‘You’re in my personal bubble space!’
Using bubbles and hula hoops to learn about respectful relationships and personal space may seem a bit out of left field, but if you’re three or four years old it makes perfect sense, as Kaylea Fearn explains.
In recent months, the national dialogue has highlighted the need for developmentally appropriate conversations around consent throughout our lives, not just as a one-off conversation at the onset of puberty. And the earlier those conversations start, the better.
Students from our Early Childhood Learning Centre (ECLC) and Prep classes at Elsternwick Campus have been exploring the idea of how respectful relationships help to keep ourselves and others safe. The Primary Years Program (PYP) has a strong emphasis on responding to real-world challenges, and so the development of the How we express ourselves unit was a natural fit as it incorporates broader knowledge and understanding about how students can interact in safe ways.
Madeline Woodbridge who teaches Prep at Elsternwick was part of the team from across the campus that developed the Term 2 unit of inquiry. ‘When considering what direction we wanted to take, we considered the importance of our students understanding our core values of mutual respect, trust, good communication and honesty. We wanted to create an atmosphere that would allow students to develop both social and communication skills,’ she says.
Jacinta Janssens, Elsternwick Head of Campus, also agrees that explicitly addressing respectful relationships is something that needs to be a priority from the beginning of every Wesley College student’s experience. ‘There’s no doubt that education plays a large part in what influences attitudes and changes behaviours in our world. We know from experience that the greatest impact is made when we start from the earliest ages and continue to build on our children’s earliest understandings,’ says Jacinta.
‘Learning about the concept of respect, and really delving into what it is, how it looks and why it should be, is something that should transcend all ages and developmental stages if we really wish to bring about cultural change to a systemic issue that exists within society.’
While these concepts are taught across the College and might manifest themselves in Dance and Drama, or in day-to-day language, these units help our students give voice to how they wish to interact with others in ways that make them feel safe from the very beginning of their educational journey. By the end of our first lesson, teachers were able to see a difference in the way our students were interacting with one another.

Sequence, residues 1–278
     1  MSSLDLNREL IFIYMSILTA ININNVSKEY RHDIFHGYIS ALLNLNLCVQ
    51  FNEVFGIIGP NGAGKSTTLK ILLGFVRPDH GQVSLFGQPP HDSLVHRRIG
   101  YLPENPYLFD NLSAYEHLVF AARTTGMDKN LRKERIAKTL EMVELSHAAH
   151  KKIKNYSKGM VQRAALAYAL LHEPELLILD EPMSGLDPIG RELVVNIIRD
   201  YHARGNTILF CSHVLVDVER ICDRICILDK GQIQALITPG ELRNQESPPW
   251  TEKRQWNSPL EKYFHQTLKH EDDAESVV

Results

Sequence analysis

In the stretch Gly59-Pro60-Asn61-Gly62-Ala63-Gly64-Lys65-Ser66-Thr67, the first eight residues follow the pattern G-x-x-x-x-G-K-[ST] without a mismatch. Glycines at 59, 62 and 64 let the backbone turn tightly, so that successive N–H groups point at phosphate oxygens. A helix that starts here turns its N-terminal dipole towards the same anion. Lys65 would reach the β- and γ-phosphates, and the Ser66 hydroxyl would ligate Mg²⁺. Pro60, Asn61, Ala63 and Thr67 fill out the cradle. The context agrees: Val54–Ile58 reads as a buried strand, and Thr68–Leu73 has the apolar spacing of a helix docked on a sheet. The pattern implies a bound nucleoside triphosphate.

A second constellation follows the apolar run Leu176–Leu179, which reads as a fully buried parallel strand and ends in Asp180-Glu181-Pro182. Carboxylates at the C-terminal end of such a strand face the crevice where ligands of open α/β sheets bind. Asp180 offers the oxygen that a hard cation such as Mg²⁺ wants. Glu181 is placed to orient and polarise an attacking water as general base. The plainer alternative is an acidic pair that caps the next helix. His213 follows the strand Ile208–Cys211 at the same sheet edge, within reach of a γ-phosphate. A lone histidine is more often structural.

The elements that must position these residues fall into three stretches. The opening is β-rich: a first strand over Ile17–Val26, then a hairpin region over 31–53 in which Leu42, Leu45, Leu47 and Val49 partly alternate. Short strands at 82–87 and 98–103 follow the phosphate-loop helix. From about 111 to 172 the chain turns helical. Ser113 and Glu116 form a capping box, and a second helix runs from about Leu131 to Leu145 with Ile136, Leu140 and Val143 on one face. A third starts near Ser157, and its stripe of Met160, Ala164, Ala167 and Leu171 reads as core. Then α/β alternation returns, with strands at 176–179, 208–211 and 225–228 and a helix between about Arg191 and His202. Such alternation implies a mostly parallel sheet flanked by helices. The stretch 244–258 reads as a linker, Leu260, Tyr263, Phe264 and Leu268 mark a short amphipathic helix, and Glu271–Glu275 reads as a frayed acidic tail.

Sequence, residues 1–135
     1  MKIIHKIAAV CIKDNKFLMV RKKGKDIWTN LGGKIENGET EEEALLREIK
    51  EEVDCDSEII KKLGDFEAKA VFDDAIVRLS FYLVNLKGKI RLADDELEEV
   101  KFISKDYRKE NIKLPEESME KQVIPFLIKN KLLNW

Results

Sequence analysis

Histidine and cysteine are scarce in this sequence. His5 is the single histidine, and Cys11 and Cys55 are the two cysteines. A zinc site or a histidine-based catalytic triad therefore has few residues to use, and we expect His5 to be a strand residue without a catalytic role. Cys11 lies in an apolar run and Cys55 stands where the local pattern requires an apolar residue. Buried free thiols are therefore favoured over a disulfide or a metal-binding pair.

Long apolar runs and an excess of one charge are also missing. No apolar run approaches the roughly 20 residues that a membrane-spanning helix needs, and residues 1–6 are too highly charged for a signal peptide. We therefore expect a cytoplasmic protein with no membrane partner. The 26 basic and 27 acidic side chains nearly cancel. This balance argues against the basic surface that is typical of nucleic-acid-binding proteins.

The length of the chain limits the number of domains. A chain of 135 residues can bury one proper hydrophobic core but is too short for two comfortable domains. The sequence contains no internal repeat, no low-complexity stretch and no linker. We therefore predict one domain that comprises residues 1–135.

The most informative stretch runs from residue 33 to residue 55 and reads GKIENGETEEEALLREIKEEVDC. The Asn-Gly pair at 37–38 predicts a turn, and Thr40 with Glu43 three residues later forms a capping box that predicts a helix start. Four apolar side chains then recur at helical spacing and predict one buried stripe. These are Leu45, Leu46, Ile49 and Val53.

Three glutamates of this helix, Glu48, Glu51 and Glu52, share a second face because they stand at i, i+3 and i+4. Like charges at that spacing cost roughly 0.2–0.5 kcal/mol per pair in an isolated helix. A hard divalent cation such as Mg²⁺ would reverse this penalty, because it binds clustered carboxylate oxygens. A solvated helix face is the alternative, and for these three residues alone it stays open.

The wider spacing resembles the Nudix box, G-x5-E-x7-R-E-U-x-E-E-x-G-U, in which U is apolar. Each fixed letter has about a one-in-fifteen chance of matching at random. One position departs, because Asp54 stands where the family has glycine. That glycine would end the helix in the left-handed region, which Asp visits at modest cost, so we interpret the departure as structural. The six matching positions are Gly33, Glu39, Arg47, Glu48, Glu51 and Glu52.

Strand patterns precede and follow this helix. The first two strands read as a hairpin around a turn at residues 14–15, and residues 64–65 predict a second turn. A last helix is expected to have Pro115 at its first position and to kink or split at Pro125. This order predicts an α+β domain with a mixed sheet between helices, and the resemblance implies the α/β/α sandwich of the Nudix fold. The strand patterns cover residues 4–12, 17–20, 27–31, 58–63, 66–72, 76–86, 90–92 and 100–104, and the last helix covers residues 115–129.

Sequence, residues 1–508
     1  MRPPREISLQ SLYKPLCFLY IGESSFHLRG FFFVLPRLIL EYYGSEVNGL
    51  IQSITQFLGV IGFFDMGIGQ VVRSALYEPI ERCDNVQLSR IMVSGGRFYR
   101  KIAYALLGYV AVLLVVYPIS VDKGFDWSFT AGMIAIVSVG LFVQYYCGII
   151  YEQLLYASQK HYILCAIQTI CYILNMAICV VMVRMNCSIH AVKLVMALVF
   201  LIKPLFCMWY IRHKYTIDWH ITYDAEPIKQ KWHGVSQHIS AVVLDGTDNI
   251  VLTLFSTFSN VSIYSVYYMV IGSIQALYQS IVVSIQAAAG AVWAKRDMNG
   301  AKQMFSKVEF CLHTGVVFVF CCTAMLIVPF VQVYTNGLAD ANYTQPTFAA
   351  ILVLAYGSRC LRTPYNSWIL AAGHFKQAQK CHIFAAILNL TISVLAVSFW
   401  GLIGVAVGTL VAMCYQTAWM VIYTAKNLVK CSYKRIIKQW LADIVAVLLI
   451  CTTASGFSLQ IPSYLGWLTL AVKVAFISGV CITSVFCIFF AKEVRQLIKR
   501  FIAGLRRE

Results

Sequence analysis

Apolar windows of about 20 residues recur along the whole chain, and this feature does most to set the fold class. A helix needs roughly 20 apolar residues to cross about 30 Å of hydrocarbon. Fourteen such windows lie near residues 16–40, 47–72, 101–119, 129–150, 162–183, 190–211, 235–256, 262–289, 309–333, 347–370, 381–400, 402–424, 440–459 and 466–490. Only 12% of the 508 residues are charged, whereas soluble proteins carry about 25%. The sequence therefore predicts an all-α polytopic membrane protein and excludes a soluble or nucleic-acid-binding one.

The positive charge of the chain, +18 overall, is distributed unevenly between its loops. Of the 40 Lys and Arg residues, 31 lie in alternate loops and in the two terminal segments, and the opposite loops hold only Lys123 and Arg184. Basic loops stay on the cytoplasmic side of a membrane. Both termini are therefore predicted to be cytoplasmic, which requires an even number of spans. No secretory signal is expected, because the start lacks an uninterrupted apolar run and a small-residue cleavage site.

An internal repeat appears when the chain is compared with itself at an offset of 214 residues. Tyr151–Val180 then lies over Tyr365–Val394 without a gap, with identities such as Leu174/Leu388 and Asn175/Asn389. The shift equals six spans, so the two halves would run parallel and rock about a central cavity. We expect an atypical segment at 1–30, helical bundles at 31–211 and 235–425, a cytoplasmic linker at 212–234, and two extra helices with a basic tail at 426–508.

‘Since beginning the unit, student interactions have changed for the better. Both in the classroom and on the playground I’ve heard students expressing themselves articulately, whether asking for more space on the mat or checking whether it’s OK to give someone a high five,’ Madeline enthuses. ‘The class is more aware of the needs of others, and when there’s a challenge, they’re finding solutions.’
Whilst the concepts we have been working with in the classroom are serious in nature, the learning engagements have been lots of fun and thoroughly engrossing for our youngest students. Play with bubbles, hula hoops, games, songs, dances, and even some puppet shows have all been vehicles for engaging learning opportunities.
Bubbles became one of the central metaphors the teaching team used when addressing the abstract concept of personal space. ECLC Coordinator Amanda Allan now often hears children say, ‘You’re in my personal bubble space!’ when someone is too close. Amanda noted that when our three and four year old students first arrive on campus, they need to navigate the different sets of expectations from close family interactions to classroom interactions. ‘It is a time to learn how to be around people other than their family, to be part of a larger group of children, to learn how to wait for your turn and solve problems verbally. These are fundamental skills that will grow as they do,’ she says.
Image: Thomas Walterfang exploring space through bubble play
Within a week of introducing the respectful relationship unit to their students, ECLC teachers began to hear feedback from parents at morning drop-off time, who recounted the dinner table discussions about what their children were learning at school around ‘bubble space’.
One of the most encouraging things about teaching this unit in a really intentional way was the conversations that were started between students, staff and parents. It opened up what can be a difficult topic of discussion in an organic way, making this a truly authentic three-way partnership.
This unit has laid the foundations for lifelong learning about positive relationships. The team at Elsternwick are excited to watch how the students put this learning into practice throughout their time at Wesley College and beyond.
Pastor Kaylea Fearn is Chaplain of Wesley’s Elsternwick Campus.